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Don’t blame the league for Rays’ road start


The forecast says it’s cold and rainy, or cold and snowy or just plain cold. Nothing says Opening Day like players wearing hoods and fans dressed like they’re going to cut down a Christmas tree.

Play ball? How about brrrr?

The Rays were rained out in Boston on Monday. You might have heard.

Wouldn’t have happened had they opened at Tropicana Field. Rain or shine, the Rays play. It’s the roof, I think.

And why didn’t they open at home?

Good question.

Here’s why: The schedule was set last summer, long before the Rays won the division and the American League championship.

It would have been nice to see the Rays raise the AL pennant on Opening Day. But that would have meant reworking the schedule.

You couldn’t switch the first three games of the season in Boston for the three games against the Red Sox at the Trop from May 30 to April 3 because that’s a four-game series and it would extend a Rays road trip from three cities and nine games to four cities and 13 games. And with the Rays scheduled to be in Boston the following weekend, well, you see the problems.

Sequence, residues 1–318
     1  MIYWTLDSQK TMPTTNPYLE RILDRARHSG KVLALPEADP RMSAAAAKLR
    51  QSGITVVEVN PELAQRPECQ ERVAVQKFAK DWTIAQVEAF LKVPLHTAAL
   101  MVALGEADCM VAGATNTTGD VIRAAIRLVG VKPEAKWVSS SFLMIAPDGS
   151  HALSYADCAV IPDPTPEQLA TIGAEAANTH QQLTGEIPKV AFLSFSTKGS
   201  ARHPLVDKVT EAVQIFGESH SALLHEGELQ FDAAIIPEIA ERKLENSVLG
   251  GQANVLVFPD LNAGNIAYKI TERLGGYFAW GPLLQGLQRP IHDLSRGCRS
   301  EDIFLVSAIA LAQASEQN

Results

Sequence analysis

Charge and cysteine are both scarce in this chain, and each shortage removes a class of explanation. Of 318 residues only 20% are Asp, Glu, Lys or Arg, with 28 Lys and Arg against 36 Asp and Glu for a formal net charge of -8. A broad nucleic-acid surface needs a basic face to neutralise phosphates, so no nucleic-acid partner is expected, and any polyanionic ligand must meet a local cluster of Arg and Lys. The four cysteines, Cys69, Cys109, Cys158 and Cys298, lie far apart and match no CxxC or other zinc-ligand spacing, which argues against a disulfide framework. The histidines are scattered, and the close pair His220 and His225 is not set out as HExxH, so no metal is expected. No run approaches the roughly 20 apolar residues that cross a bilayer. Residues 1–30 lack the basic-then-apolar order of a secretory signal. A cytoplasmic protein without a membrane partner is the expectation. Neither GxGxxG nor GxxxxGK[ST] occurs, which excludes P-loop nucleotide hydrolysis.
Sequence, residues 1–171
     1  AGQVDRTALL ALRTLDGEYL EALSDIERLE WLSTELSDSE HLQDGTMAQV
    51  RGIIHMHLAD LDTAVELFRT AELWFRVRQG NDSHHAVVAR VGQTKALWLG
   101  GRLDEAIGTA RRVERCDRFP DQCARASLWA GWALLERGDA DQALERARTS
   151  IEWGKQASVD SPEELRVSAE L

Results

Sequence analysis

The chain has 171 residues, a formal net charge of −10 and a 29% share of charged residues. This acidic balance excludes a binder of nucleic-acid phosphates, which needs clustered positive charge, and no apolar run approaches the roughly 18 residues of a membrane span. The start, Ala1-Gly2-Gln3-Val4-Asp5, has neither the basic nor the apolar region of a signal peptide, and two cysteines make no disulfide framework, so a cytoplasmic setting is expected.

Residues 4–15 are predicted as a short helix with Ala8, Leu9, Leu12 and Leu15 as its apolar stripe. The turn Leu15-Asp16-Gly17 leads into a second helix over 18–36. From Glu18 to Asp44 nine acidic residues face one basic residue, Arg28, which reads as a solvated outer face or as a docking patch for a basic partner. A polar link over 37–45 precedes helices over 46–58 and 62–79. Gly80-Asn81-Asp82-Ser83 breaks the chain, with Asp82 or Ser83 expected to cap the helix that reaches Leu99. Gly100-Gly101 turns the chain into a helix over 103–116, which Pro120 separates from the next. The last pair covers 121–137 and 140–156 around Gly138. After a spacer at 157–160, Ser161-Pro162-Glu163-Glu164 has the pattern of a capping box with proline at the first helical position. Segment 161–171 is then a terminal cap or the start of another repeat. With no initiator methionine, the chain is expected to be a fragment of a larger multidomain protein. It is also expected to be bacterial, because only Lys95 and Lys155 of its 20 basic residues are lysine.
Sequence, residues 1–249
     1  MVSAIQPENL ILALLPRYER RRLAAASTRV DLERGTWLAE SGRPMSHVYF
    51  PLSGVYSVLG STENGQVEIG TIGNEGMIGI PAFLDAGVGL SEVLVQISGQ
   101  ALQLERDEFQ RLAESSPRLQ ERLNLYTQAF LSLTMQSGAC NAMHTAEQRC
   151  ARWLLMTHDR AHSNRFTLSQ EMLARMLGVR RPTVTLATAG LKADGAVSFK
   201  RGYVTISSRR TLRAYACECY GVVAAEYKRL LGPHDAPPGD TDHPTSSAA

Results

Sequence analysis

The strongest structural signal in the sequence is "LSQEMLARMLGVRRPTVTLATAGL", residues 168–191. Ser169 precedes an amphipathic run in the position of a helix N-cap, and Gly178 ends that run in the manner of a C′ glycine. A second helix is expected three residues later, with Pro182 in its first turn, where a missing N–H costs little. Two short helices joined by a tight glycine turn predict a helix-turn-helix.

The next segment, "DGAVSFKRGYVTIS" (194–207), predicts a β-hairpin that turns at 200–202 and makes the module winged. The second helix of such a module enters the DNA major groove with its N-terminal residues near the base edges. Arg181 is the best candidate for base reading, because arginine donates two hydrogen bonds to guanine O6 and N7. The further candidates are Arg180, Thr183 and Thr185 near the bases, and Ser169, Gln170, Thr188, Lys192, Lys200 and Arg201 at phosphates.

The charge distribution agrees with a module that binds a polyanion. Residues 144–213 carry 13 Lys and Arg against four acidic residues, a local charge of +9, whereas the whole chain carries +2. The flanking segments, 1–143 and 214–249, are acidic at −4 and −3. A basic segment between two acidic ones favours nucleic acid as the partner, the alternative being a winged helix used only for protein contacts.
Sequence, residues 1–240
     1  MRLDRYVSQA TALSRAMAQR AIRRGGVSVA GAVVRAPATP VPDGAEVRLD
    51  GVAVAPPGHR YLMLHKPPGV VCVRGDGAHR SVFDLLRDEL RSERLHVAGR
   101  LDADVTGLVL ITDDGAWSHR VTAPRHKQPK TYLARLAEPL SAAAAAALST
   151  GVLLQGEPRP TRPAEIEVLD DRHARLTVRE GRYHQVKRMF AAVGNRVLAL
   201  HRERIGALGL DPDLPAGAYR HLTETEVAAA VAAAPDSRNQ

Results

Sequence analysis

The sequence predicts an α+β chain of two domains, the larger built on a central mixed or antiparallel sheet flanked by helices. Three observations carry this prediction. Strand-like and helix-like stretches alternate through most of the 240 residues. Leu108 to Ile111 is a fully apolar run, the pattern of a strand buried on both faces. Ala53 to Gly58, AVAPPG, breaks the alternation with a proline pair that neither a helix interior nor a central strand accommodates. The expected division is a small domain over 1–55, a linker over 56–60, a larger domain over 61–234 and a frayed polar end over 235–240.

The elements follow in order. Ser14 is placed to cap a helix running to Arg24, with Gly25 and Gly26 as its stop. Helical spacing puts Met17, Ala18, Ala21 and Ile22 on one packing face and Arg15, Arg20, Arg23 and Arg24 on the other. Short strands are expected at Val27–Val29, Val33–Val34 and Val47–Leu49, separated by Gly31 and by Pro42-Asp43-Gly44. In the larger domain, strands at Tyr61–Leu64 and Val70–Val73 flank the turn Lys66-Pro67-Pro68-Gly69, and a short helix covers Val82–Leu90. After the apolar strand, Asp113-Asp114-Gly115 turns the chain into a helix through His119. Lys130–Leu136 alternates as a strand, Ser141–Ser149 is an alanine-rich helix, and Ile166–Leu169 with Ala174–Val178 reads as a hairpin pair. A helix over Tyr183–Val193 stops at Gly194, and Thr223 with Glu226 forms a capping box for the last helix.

There’s a three-game series at the Trop in September, but a switch would mean a stretch of 20 out of 23 games on the road. Never going to happen.

It might make more sense to set the schedule after the season ends, but if you wait until after the World Series then you’re waiting until November. Teams have to book hotel rooms and charter flights. Hotels have to know when the teams are coming so they can book other events.

To have all the northern teams open the season in warm weather cities or under domes would eliminate the rainouts and snow-outs, but that prevents northern teams from opening at home, and that’s not really fair.

Also, it doesn’t rain every day in April. Just two openers were postponed this week.

The real issue with the Rays’ schedule isn’t that they play the first six games on the road, it’s that they only play eight games at home this month. It gets worse. Of their first 35 games, only 13 are at home.

This isn’t good news for a team that played .704 ball at home last season and .494 ball on the road.

Andy Sonnanstine is the only member of the rotation who had a winning record on the road in 2008. James Shields, now 12-17 during his career away from the Trop, has three more starts on the road this month.

The Rays played their first six games on the road last season. One was rained out. What followed was a stretch where 17 of their next 19 games were at home, including three games at Disney.

They won 10 of those 17 home games and split the two road games at Minnesota. That run took them from last place to a tie for first, included the sweep against the Red Sox and launched the Rays on their way to the World Series.

I don’t remember anyone thanking the schedule-makers last April.